Melvin Fowler Sr., of Wheatley Heights, with his wife, Lucinda.

Melvin Fowler Sr., of Wheatley Heights, with his wife, Lucinda. Credit: David Wayne Drake

Many a time, Melvin Fowler Sr. uttered the words “Did I ever tell you” and family members knew a life lesson was coming.

There was the time he closed his money-losing deli, M&S Country Market in Amityville — stick to one’s expertise was the lesson. As a kid, he got burned checking the gas level in his uncle’s car with the help of a lit match — gas fumes ignite, he later told children. He would say relationships founder when people declare “I don’t need you.”

“He would also often repeat the story the exact same way,” said nephew David Drake, of Melville. “That was how you knew it was true. … He took every little incident and created a teaching moment.”

Fowler, who retired as a Newsday printing press supervisor in 2001 after 16 years, was still learning from life shortly before he died March 1 due to complications from pneumonia. The Wheatley Heights resident was 84.

He operated printing presses for four decades at several companies, but opening his treasury of lessons and helping others was his lifelong mission, relatives said. When his only sister died, he adopted her teenage son, Drake. Obsessed with calculating winning lottery numbers, he won up to $50,000 a few times and dispensed the money to family and even plane passengers on flights to his Arizona winter home. He comforted and advised cancer victims after three-fourths of his cancerous right lung was removed in 2001, followed by surgery for pancreatic cancer in 2018, his family said.

Melvin Fowler Jr. remembers how his father urged him to take his name seriously by studying hard, not chasing the girls and addressing elders with respect.

“He would always say, ‘Don’t ever disrespect the name. Do right by it,’ ” said the son, of Las Vegas. “ ‘Otherwise I’ll change it.’ ”

Growing up in Freeport, Fowler Sr. was the eighth of nine children. A football player in high school, he watched his brothers’ football mistakes, earning a football scholarship to Lincoln University in Pennsylvania and later guiding two sons into the NFL.

“He basically laid out the blueprint on how I would be able to go out and achieve my goal of potentially playing in the NFL,” said Melvin Jr., who played for the Cleveland Browns, Buffalo Bills and other teams.

Fowler’s father, a preacher, was also a tinkerer who invented and installed their home’s door bell — the neighborhood’s first, relatives said.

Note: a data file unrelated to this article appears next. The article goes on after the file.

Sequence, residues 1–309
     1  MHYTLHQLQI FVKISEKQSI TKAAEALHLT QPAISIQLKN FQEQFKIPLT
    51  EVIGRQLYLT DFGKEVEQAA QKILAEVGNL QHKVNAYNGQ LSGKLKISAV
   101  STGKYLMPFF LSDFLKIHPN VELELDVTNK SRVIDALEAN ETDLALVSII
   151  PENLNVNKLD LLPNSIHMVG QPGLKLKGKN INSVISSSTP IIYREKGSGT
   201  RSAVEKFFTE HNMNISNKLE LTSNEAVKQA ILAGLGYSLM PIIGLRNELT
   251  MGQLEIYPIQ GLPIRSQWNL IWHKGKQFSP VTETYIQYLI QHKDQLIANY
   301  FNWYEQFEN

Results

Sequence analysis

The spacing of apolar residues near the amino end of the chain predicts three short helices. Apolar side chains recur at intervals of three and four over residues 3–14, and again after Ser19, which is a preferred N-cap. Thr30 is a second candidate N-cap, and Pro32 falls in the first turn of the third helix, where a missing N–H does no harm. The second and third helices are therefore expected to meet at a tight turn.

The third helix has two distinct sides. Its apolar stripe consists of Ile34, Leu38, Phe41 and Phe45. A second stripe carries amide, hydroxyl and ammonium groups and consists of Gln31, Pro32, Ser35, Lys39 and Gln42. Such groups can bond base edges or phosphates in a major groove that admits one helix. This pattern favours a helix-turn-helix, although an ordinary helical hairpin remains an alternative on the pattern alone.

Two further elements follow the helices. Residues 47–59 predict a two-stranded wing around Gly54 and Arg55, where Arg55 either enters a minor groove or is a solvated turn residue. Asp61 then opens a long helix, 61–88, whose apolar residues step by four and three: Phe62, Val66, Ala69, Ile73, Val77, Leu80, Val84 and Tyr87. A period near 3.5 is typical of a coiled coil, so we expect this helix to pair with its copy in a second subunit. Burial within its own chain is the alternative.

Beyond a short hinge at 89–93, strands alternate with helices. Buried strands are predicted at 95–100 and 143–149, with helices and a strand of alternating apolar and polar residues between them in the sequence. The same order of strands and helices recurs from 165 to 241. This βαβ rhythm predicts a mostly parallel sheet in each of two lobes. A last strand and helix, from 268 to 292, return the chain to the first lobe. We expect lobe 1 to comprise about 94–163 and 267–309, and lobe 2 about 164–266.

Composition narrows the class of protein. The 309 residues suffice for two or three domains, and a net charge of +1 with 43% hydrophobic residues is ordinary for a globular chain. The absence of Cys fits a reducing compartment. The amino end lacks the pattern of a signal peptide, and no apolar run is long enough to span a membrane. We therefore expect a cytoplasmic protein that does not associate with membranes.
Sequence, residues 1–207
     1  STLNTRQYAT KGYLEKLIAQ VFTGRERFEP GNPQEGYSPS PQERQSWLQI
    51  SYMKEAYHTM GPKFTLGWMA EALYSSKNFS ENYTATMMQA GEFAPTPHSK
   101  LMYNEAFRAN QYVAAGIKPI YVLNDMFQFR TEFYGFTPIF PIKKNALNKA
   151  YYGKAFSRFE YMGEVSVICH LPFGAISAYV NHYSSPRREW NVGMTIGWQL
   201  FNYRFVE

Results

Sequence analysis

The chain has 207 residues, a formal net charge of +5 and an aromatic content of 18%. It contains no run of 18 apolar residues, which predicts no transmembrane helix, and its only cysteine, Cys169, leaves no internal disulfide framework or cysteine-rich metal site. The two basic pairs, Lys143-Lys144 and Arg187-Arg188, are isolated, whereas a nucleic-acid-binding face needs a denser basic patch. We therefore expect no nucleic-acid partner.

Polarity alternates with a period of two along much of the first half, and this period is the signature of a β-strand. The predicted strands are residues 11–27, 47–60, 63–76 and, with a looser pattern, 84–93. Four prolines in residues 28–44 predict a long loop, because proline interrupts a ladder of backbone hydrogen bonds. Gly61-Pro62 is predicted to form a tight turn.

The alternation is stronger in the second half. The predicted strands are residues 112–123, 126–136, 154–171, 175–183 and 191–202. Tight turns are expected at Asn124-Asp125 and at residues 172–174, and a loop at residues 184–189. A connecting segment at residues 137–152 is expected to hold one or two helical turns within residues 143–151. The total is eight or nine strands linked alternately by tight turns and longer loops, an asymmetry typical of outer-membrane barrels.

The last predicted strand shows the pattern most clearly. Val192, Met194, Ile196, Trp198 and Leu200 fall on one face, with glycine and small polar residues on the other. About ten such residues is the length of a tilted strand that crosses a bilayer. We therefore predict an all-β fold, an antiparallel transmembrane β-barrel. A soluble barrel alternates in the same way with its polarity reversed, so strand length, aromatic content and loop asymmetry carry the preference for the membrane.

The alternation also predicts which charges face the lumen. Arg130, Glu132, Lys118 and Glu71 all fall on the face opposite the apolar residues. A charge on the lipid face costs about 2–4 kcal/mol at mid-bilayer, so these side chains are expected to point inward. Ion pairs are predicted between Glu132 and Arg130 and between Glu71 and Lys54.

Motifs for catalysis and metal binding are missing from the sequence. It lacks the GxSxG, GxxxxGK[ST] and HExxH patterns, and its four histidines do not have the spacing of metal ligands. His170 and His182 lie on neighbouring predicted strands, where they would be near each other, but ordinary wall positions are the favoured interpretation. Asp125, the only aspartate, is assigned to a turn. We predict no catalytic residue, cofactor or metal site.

Absorbing such skills made Fowler a natural with fixing printing presses, said friend Lou LoPiccolo, who worked with Fowler at three different companies, including Newsday.

“He knew it from soup to nuts,” LoPiccolo said.

Married twice, Fowler met both wives about the same time at the same jazz club. He wed Beverly Chaffin in 1962, but it wasn’t until years later, when his marriage was dissolving, that he realized the other woman, Lucinda Walker, was the love of his life, family members said.

Fowler was walking past a photographer’s shop one day when he saw a photo of Walker posted on the window. After reconnecting with the photographer’s help, the two married in 1978.

The couple devoted their hearts and all their energy to their “love child,” Melvin Jr., including attending every one of his school and NFL games.

But Fowler learned a final lesson months ago, when he needed full-time care to recover from pneumonia and his family placed him at a rehabilitation center in Freeport, near his daughters.

Those last months were some of his richest as his older children visited daily, sometimes several times a day, making him realize he hadn’t spent quality time with his “first family,” his nephew said.

“At the end of his life, he valued everyone,” Drake said. “He had to share his love equally."

Besides his youngest son and nephew, he is survived by a brother, Alfred Fowler, of Hempstead; his children, Melvin Steven Fowler Sr., of Fayetteville, North Carolina, Blair Fowler, of Sydney, Australia, and Wendy Fowler, Aja Fowler and Donna Fowler, all of Freeport; stepsons, Kevin Walker, of Spotswood, New Jersey, and Darryl Walker, of Raleigh, North Carolina; and first wife, Beverly Fowler, of Freeport. His second wife, Lucinda Fowler, died in 2020.

A service was held March 16 at the Bethel AME Church in Freeport, followed by burial with Lucinda at Pinelawn Memorial Park in Farmingdale.

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